Every year on the 2nd of February, thousands of people make offers to the sea goddess Iemanjá*, by lighting candles and taking offers of food and flowers to the shores. Although most cultures possess a pantheon of entities representing the natural forces, a remarkably complex example of a spiritual system can be found among the Yoruba of West Africa. The Yoruba people arrived in the Americas during the infamous slave trade that followed colonization. In Brazil, the Yoruba cult of the orixás – sacred representations of primal natural elements – took root strongly in the city of Salvador, where great numbers of followers pay homage to the goddess of the sea on her day.
Iemanjá is a visual allegory of the commemoration of the sea entity Iemanjá, an important cultural event in Brazil, and particularly in the northeastern estate of Bahia. Iemanjá is a female entity, represented by the color blue, worn in the beads donned by her followers. Within the orixás belief system, the entity is a motherly and protective force that lovingly looks after her children, and like the ocean, is a provider of life.
Renata Padovan’s film was captured with her mobile phone camera during the festival in Bahia. She focuses on the symbolic materials and the body movement of the women participating in the celebration: white robes and colorful beads are at the center of the images, bringing to mind African and Arab influences. Both the aesthetic synthesis achieved through a selection of few composition elements and the sounds taken from the percussion track are slowed down to reflect the intensity of the moment, evoking the spell of ecstasy. Rhythmic circular movements performed by the women induce an incantation and reverence that are at the core of the annual ritual, where people honor the sea in gratitude, surpassing class, ethnicity, and age divisions. The syncretic celebration highlights the coexistence of a multitude of belief systems, which encompass Catholicism, Umbanda, and Candomblé.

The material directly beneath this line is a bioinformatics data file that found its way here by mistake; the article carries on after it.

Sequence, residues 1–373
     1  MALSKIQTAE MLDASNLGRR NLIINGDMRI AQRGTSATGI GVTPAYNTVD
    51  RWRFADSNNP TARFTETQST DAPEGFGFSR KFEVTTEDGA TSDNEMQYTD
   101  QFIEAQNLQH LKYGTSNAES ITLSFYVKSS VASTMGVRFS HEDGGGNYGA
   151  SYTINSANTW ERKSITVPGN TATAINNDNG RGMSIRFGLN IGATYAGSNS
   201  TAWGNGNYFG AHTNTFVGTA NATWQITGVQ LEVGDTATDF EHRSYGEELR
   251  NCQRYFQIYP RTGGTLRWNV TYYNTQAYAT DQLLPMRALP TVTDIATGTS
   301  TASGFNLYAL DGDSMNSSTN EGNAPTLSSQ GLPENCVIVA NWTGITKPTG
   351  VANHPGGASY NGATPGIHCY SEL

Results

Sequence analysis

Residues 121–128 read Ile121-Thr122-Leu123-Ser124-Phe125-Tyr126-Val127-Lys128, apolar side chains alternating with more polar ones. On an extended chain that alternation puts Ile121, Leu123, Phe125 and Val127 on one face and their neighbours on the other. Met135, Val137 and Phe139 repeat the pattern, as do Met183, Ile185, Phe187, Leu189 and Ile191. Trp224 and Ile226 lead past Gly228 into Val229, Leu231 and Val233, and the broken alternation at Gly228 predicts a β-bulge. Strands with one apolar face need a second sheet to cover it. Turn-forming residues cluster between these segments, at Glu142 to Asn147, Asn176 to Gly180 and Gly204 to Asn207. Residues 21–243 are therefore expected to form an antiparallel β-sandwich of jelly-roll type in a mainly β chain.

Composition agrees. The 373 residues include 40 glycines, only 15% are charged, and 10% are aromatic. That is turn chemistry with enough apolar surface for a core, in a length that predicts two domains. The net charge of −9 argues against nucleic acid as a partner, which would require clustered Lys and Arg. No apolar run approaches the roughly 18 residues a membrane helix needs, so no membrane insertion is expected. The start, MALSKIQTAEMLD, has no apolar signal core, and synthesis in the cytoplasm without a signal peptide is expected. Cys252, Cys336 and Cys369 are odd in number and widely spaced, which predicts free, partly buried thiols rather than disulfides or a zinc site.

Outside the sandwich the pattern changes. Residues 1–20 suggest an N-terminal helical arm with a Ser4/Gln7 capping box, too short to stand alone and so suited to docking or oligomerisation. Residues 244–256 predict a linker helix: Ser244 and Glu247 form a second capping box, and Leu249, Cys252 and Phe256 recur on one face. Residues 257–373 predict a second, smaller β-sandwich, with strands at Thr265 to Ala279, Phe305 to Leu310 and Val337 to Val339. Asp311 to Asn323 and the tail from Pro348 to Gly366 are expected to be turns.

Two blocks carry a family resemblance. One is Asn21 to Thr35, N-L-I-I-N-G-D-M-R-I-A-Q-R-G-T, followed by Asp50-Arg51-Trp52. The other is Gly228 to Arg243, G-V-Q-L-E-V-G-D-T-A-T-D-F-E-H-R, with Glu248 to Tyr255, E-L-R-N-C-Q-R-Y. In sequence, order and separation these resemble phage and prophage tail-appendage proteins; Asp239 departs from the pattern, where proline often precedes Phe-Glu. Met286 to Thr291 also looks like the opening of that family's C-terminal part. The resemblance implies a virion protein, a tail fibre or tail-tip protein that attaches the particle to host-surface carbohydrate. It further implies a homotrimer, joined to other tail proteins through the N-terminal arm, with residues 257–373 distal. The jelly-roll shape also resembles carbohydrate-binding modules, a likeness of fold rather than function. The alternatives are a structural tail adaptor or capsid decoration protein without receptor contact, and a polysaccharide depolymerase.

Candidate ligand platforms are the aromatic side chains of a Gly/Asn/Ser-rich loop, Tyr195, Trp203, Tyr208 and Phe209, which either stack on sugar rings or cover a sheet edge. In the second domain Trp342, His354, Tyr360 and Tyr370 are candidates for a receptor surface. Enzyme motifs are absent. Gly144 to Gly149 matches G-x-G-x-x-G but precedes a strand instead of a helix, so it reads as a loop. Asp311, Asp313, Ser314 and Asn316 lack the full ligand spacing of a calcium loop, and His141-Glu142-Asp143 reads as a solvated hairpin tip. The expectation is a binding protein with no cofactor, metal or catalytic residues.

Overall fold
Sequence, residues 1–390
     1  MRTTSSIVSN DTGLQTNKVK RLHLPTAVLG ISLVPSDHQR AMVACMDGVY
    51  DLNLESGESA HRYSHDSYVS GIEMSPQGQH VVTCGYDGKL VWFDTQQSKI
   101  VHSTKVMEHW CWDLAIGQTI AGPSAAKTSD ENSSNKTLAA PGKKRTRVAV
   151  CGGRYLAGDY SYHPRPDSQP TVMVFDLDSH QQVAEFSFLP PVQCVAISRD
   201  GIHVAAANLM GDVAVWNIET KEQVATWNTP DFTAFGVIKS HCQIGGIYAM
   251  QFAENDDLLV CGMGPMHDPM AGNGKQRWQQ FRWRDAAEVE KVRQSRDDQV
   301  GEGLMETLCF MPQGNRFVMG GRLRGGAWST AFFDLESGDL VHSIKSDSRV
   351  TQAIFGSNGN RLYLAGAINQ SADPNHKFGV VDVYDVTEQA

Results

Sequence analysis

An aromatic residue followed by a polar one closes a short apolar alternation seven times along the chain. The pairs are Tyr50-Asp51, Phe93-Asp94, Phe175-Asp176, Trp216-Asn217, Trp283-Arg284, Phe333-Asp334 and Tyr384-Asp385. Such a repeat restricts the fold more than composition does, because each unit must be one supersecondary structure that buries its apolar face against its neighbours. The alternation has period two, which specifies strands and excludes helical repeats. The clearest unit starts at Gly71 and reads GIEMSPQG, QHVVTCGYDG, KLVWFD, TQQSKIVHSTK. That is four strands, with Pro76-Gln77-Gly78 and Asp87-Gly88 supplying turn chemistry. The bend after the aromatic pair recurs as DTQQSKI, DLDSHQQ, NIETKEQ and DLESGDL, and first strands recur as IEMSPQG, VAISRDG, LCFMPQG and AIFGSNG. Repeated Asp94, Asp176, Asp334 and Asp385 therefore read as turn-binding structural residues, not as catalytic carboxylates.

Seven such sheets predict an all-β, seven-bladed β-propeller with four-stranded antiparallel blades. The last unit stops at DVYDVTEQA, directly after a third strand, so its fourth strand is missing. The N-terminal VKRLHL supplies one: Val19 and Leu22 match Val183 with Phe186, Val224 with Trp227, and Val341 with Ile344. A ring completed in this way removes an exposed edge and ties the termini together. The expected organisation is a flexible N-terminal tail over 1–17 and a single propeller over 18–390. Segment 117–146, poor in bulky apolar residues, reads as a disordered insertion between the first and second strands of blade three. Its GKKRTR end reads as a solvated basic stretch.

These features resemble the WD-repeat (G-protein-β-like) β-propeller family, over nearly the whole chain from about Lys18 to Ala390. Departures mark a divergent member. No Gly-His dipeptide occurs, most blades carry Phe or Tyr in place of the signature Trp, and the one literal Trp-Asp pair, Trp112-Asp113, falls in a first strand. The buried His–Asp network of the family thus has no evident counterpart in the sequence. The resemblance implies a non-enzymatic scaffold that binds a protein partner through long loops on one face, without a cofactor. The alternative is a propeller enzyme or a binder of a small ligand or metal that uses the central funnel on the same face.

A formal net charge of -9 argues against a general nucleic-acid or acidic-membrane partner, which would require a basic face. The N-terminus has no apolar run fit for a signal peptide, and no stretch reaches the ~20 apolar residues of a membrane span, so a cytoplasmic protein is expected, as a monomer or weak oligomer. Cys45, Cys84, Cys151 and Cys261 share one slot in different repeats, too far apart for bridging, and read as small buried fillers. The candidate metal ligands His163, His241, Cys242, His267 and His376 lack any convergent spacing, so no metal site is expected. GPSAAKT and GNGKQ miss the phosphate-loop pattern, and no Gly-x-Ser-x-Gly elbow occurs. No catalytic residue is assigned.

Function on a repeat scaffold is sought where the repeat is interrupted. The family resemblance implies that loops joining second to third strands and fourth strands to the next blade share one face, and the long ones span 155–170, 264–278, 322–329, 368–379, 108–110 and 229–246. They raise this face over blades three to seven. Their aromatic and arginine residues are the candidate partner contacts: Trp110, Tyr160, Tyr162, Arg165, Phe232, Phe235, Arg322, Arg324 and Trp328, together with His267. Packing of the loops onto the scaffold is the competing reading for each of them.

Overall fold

* One of the orixás of the Yoruba pantheon, Iemanjá is The ‘Mother’, the ‘Queen of the Ocean’ in Umbanda religion.
Renata Padovan (b. São Paulo, Brazil) employs video, sound, drawing, and landscape interventions to explore a number of issues including cartography, borders, and the endangerment of both human culture and the environment. Along the years, she has performed a number of poetic actions in nature to trace its relationship with the body through an act of marking with different materials including fire, grass, and paint.
Thursday, 3 November, 2016